True if there are any late-bound regions
Indicates whether this value still has parameters/placeholders/inference variables which could be replaced later, in a way that would change the results of impl specialization. Read more

Auto Trait Implementations§

Blanket Implementations§

Gets the TypeId of self. Read more
Immutably borrows from an owned value. Read more
Mutably borrows from an owned value. Read more
This method turns the parameters of a DepNodeConstructor into an opaque Fingerprint to be used in DepNode. Not all DepNodeParams support being turned into a Fingerprint (they don’t need to if the corresponding DepNode is anonymous). Read more
This method tries to recover the query key from the given DepNode, something which is needed when forcing DepNodes during red-green evaluation. The query system will only call this method if fingerprint_style() is not FingerprintStyle::Opaque. It is always valid to return None here, in which case incremental compilation will treat the query as having changed instead of forcing it. Read more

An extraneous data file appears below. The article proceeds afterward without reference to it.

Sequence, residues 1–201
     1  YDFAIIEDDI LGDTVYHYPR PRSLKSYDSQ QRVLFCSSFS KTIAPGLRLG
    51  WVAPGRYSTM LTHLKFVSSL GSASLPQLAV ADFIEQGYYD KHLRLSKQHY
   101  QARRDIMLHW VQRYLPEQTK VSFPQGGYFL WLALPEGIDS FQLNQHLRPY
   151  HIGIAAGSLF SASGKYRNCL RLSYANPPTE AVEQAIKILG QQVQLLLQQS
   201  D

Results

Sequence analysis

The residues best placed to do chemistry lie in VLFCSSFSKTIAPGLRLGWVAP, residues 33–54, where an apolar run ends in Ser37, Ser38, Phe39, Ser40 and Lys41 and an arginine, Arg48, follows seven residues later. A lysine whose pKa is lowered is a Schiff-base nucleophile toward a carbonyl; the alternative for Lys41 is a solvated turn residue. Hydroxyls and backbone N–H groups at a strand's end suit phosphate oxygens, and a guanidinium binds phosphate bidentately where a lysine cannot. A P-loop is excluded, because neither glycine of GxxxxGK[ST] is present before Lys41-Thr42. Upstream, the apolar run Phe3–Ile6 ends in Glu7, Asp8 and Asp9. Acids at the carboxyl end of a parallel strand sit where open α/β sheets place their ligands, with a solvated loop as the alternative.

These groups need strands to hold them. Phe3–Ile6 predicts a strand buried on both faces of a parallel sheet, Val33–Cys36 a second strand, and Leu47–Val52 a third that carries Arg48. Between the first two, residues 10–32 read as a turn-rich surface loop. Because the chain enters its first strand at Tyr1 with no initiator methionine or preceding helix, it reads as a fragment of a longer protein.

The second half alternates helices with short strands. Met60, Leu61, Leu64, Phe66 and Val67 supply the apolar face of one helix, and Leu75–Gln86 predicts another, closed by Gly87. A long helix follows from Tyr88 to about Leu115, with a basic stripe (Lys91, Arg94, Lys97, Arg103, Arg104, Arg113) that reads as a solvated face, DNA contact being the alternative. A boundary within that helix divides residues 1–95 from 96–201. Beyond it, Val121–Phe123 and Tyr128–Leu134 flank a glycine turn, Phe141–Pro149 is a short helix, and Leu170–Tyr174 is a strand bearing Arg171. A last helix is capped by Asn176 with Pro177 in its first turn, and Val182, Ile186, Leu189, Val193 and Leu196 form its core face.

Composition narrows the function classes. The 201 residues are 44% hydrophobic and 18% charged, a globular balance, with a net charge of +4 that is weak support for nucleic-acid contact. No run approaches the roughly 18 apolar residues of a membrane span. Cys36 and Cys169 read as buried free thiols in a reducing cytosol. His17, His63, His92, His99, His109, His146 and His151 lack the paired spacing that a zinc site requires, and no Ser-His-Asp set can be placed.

Returns the argument unchanged.

Calls U::from(self).

That is, this conversion is whatever the implementation of From<T> for U chooses to do.

The resulting type after obtaining ownership.
Creates owned data from borrowed data, usually by cloning. Read more
Uses borrowed data to replace owned data, usually by cloning. Read more
The type returned in the event of a conversion error.
Performs the conversion.
The type returned in the event of a conversion error.
Performs the conversion.


Note: Most layout information is completely unstable and may even differ between compilations. The only exception is types with certain repr(...) attributes. Please see the Rust Reference’s “Type Layout” chapter for details on type layout guarantees.

Size: 56 bytes